Jump ahead to 1921, and it was best to call Home Run Baker by his given name: John. Wasn’t it Frank? It was that too. John Franklin Home Run Baker.

So back in the final frame of Game 8, Baker grounded up the middle, and Giants second baseman Johnny Rawlings made a diving stop in the hole and threw Baker out at first. Ward, who had been on first, must have thought the ball got through to the outfield. Perhaps he had a stiff neck. Aaron Stiffneck Ward was then thrown out at third to end the World Series. Your little league coach told you not to make the first or third out at third base, but sometimes little league coaches are bigger on the fundamentals than big leaguers themselves. This was a particularly costly one on a 4-3-5 double play. 

Game 8 took an hour and 57 minutes to complete. Apparently, this was just too much baseball. The eight games totaled 15 hours and 51 minutes of ball according to our archives, which sounds pretty damn reasonable. It was the last of its kind with MLB changing the World Series to a best of seven the following season, perhaps in part because by Game 8, the city of New York was kind of losing interest. Our attendance records show 25,410 fans attended the finale after the series averaged just under 35,000 (244,567 total) for the first seven. Written reports of the game claim it was cold and windy. And we can tell you for certain there hadn’t been a dinger to speak of since Game 6. 

We haven’t talked much about pitching – and why the hell would we when we’ve got 100-year-old data like that telling us not to? Hopefully this doesn’t lose you here like the 1921 World Series lost its audience perhaps in part for a lack of offense, but this is a decent lil’ fact to drop in your World Series WhatsApp chat. HOFer Waite Hoyt pitched Game 8 for the Yanks. Now, this was an interesting man – his history includes vaudeville and plenty more away from the mound. Go read about him if you’re so inclined, but we’ve had one too many digressions here as it is. 

This was Hoyt’s first postseason, and he had to be frustrated with how it ended. For context, Hoyt was actually signed by the Giants when he was 15 – signed in fact by Giants manager John McGraw. Seven years later and pitching for the Yankees, the right-hander had a strong second half of the season and got the ball in games 2, 5 and 8 against his former team, winning games 2 and 5. He threw complete games in each – which of course wasn’t uncommon back then – and allowed two runs in 27 innings. The thing is, neither of those runs were earned. Hoyt pitched 27 innings without allowing an earned run and was left with the unenviable tag of losing pitcher in the deciding game of his first World Series. Earned runs weren’t recorded in both leagues until 1913, but Hoyt stands as the only pitcher from then until this very day to start three games in a World Series without allowing an earned run. Ten other pitchers have managed two such games with Whitey Ford doing it twice – 1960 and ’61. 

Also dating to the beginning of recorded earned runs in 1913, 1921’s Game 8 stands as one of four World Series games in which neither team had an earned run:

1921 World Series Game 8 0 Earned Runs

That White Sox and Reds game took place in the previously mentioned 1919 World Series tarnished by scandal. None of the other three games ended a series, so 1921’s Game 8 stands as the only series-clinching game that ended without an earned run.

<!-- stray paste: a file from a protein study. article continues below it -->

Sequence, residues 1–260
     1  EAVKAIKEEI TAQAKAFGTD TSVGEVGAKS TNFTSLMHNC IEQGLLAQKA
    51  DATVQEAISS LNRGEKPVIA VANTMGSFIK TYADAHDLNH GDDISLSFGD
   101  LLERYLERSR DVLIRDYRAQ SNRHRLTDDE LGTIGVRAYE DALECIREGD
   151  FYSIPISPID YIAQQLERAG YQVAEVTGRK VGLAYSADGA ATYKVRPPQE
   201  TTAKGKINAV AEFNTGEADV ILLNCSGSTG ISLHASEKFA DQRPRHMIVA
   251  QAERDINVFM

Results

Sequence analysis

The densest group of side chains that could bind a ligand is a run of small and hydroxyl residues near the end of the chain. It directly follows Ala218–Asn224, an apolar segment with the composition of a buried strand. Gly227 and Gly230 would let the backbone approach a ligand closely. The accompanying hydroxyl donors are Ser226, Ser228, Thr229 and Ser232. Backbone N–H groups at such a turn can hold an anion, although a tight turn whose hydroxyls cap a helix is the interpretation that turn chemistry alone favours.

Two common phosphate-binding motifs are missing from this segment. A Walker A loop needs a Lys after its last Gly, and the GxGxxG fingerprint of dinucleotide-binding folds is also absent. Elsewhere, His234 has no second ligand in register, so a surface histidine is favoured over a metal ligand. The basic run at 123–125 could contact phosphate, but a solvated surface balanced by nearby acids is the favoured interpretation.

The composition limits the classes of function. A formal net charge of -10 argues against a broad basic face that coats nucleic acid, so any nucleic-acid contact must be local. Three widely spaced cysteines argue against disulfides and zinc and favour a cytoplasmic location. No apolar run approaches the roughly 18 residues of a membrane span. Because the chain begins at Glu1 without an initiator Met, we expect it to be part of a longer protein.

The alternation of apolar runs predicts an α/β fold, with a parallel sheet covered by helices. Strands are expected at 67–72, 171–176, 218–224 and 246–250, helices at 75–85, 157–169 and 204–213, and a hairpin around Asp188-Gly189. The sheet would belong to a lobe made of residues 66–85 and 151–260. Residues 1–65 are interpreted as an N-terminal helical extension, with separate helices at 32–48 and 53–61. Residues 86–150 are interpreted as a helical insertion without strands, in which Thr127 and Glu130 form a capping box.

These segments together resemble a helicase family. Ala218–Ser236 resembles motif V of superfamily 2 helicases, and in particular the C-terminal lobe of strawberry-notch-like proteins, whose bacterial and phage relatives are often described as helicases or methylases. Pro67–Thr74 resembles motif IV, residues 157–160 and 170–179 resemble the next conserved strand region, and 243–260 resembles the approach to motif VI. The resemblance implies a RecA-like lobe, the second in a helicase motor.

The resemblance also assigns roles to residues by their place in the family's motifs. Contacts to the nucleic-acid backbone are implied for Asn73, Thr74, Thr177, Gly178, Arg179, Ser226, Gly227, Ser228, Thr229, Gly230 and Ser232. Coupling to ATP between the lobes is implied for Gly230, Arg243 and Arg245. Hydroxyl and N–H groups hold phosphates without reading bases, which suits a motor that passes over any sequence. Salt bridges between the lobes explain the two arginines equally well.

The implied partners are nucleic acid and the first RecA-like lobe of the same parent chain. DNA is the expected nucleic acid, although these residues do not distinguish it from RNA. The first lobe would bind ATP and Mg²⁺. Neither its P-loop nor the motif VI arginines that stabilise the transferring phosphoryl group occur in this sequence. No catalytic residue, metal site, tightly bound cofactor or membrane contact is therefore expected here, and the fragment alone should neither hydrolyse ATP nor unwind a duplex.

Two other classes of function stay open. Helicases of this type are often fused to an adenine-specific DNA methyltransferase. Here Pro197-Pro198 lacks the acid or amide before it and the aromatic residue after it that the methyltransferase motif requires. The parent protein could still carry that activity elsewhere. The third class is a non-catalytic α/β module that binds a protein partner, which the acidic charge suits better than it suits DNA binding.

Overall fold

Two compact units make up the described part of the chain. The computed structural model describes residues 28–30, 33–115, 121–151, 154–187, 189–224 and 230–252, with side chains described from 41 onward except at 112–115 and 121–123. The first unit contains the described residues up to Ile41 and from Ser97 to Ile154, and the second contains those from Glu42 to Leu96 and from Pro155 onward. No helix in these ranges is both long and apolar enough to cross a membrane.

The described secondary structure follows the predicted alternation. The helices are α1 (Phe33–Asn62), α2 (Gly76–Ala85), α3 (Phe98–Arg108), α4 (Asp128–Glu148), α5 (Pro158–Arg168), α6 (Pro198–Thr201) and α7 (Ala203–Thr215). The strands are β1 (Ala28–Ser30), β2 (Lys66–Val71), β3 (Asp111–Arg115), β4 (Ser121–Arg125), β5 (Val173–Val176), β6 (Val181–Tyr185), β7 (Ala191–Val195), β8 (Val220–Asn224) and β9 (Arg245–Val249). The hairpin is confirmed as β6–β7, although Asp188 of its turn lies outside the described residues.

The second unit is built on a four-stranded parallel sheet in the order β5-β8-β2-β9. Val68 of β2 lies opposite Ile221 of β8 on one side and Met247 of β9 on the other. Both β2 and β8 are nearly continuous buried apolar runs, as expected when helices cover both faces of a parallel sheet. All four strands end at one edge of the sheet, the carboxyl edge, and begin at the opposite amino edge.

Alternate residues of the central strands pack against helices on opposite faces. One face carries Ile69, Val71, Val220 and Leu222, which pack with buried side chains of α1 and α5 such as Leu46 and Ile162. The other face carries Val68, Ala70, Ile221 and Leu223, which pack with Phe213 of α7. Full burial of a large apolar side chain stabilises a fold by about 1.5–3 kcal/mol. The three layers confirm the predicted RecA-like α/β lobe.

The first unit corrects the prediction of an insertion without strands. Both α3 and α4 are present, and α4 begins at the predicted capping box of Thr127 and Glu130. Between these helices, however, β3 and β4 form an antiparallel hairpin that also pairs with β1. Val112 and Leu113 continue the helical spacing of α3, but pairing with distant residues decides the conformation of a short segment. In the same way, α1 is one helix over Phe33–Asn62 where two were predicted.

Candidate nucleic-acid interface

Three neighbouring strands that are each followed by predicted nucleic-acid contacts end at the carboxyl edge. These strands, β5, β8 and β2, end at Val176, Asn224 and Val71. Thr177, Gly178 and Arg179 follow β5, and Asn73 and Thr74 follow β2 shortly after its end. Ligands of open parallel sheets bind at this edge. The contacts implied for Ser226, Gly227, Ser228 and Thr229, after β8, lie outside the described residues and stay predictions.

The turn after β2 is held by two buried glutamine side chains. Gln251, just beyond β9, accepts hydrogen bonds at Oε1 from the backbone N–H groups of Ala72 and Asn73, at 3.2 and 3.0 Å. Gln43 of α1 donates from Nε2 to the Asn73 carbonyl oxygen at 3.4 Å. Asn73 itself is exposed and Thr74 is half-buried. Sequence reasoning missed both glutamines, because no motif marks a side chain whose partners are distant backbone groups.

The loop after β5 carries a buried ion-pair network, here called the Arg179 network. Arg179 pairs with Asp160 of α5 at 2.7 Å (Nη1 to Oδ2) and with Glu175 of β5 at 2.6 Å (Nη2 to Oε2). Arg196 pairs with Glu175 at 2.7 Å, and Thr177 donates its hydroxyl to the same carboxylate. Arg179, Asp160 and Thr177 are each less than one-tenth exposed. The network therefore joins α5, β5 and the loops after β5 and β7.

To bring it all together, you may guess Hoyt is the only pitcher to throw a complete game without allowing an earned run who lost a World Series game. Not true. Eddie Cicotte of the 1919 White Sox lost Game 4 of the World Series to the Reds under slightly more nuanced circumstances. The White Sox made two errors to sincerely help Cicotte lose that one. Cicotte was one of the eight men banned from baseball in the summer of 1921 for their alleged involvement in the 1919 Black Sox scandal. So you could say Hoyt’s complete-game loss without an earned run allowed is the only genuine occurrence in World Series history. 

And yes, this means back in 1919 a starting pitcher was likely straight up grooving pitches to the Reds all game and they couldn’t score an earned run. Maybe it was possible to 2006 St. Louis Cardinals your way to the World Series back then. 

We told you about the strange ending to the 1921 series on the basepaths. The thing is, the Yankees lost another World Series just five years later with the series ending with a baserunner making the final out. With two outs in the bottom of the ninth of Game 7 of the 1926 series, and Bob Meusel at the plate down 3-2, Ruth tried to steal second. He was thrown out. So twice in five years they had the tying run on base and didn’t give their bats a chance. 

By Ruthian standards, 1921 was a below-average series for the slugger. He went 5 of 16 with a home run and eight strikeouts. Granted, he had some health issues. He returned to the World Series in 1922 and again lost to the Giants, this time in five. It wouldn’t be inaccurate to call Ruth to that point in his career a postseason letdown. He ended the 1922 series as a career .182 postseason hitter with a home run, eight RBIs, 15 Ks, and an OPS of .626, which is about half of what you’d come to expect from this man. 

It changed from 1923 on. Ruth and the Yankees beat the Giants in six that season – the season in which Yankee Stadium opened – but the clincher came back at the Polo Grounds, which had to be a kick to the ego of the franchise that ran the Yankees across the river. 

These two teams met in three straight World Series, and the Giants played in four straight, losing to the Washington Senators in 1924. In all, 13 straight World Series games were played at the Polo Grounds before Game 1 of the 1923 series was played at Yankee Stadium. Quite the rivalry, and the 1921 World Series was the beginning. 

And the end of Game 8s. 


Research support provided by Stats Perform’s Tom Paquette. Additional detail sourced from the Society for American Baseball Research, and specifically a piece written by T.S. Flynn.